Anuja Chauhan is my favourite contemporary Indian writer in English. She has made ‘Hinglish’ cool, her novels are witty with strong female characters in the lead till date she has gifted us male protagonists worth crushing over, in every single novel. From Nikhil in ‘The Zoya Factor’ to Dylan is ‘The House that BJ Built’ or Sammar in ‘Those Pricey Thakur Girls’ – one would find it difficult not to fall in love with the hot and uber-cool men of desire in Chauhan’s novels. Ishaan “Baaz” Faujdaar is no exception.
Baaz is a romance set in the turbulent period of 1971 when India was securing her borders with Pakistan, while helping Mukti Vahini in then East Pakistan fight for their freedom. We are taken for a ride to the enigmatic world of Indian Air Force. Ishaan’s love interest Tehmina Dadyseth is an antithesis. Born in an army family, and having lost a family member to war, Tehnima is opposed to it. Like opposite poles, they too are attracted to each other despite the clash of ideologies.
Written in a true Anuja Chauhan style, the book brings out the horrors of war poignantly. There are massacres, savage butchery, brutal murders. Ishaan himself is designed to kill and has no qualms about it; he would do anything for the motherland. On the other hand we have Tehnima who gives dance lessons to the children of refugees. Kudos to Anuja Chauhan for dealing with a grave subject in the best possible manner.
In fact, calling ‘Baaz’ a romance set in the times of war would be a disservice to the amazing work by Anuja. It dwells on several emotional flashpoints – from strained family ties to elements of nationalism. Written in the most uncomplicated language, the dialogues are the winner in this war novel. It is an absolute page-turner like Chauhan’s earlier works and would keep you glued till the end. And that surprise (no spoilers) in the climax was too much to ask for.
I would surely love to see this being made into a film one day.
My Rating: 4/5 stars
P.S. – This review is part of the Flipkart Bloggers’ Affiliate Programme
I had rated Rajkahini on my blog 4/5 stars – the film had moved me, left me in tears as the end credits rolled. So, when I walked into the theatre today to watch Begum Jaan, there was trepidation in my heart. It was almost like I’d be tested as an audience to what extent I can separate the Rajkahini experience from Begum Jaan. Might I say, Srijit Mukherjee made it very easy because the first sequence itself was starkly different from the theatrical adaptation of Manto’s work that Rajkahini began with. I was at ease and for the next 130 odd minutes became a part of the kotha on Indo-Pak border that fought independence for freedom.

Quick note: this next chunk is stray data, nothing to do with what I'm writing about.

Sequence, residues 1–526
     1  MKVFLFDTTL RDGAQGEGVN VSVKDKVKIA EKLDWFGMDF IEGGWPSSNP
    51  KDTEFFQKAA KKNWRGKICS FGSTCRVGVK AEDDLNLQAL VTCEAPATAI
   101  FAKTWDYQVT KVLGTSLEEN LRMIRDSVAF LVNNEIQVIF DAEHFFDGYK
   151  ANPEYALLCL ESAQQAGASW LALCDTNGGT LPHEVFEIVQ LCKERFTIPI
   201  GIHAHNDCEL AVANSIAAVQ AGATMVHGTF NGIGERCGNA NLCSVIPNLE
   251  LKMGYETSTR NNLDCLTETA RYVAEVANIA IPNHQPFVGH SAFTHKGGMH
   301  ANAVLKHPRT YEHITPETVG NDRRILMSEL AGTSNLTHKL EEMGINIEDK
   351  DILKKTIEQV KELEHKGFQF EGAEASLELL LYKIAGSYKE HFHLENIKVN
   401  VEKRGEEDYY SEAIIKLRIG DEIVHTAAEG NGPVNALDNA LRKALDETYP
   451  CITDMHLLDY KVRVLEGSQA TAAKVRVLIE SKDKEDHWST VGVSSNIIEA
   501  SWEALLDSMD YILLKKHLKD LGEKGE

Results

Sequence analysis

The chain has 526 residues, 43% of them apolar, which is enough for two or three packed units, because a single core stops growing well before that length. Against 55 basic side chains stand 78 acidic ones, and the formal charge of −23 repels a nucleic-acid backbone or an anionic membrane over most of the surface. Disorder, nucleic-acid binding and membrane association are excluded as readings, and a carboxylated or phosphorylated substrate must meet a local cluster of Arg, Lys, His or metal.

While Rajkahini was set in Bengal, Begum Jaan is based in Punjab. Abanindranath Thakur’s Rajkahini played a significant role in the film, specially in the end; here Ila Arun’s character tells stories of feisty daughters of India (which were cleverly depicted by Vidya in the film). While the basic premise of the film remained the same as Rajkahini, there were many changes to the script – some good, some bad. The Connaught Place sequence was a fitting addition to the film. The additional scene between Gulabo-Rubina was emotive. Several characters have been given a closure in the end, another creative input.
Vidya Balan – my favourite actress for the last decade and a half – was originally approached for Rajkahini. I always wondered how different the film would’ve been with her (Rituparna Sengupta gave her career best performance as Begum Jaan, so no comparisons). She steals the show with her bold, gritted, fiery portrayal of the brothel owner who would go to any extent to save her vatan, her kotha.
Rubina (wonderfully portrayed by Joya Ehsan) was my favourite character from Rajkahini who had the most beautiful scene ever written in Bengali cinema in recent times. Gauhar Khan has done justice to the part. Also, the great Naseeruddin Shah gave gravity to a role which was oft not remembered from Rajkahini.
I wish I could say the same for the rest of the supporting cast. The sense of loss and vengeance was missing from Ilias and Srivastava. Even some scenes where half their faces were shown did not aesthetically look as good as they did with Saswata-Kaushik. Their chemistry was somehow lacking. Gulabo was expressionless when confronted with the ultimate betrayal. Chunkey Pandey as Kabir was menacing enough but did not evoke the same horror and hate as Jishu Sengupta did in Rajkahini.
I felt the narrative moved a bit fast, so we could not connect to these characters in totality. The Holi song was completely out of place and the background score did not do justice to several great scenes – like the manhunt in the butchers’ market. However, the climax choked me as usual. ‘Woh subah hum hee se ayegi’ was a great substitute for ‘Bharat Bhagyo Bidhata’ and the visuals would simply stupefy you into a state of forbearance.
And above all, the last visual you take home with you as you walk out after Begum Jaan – that look on Vidya’s face when she closes the door of the kotha, that look of victory but the sense of loss, juxtaposed with the fluttering of the tricolour, will even make a heart of stone let the tears flow.
I had always wondered how would a sequel of Rajkahini be with Buchki (Laadli) in the lead. Begum Jaan has given us a glimpse of it. Begum Jaan and Rajkahini are two different films, for two different audiences. Comparisons would not be fair. Both shine in their own right.
My Rating: 3.5/5 stars
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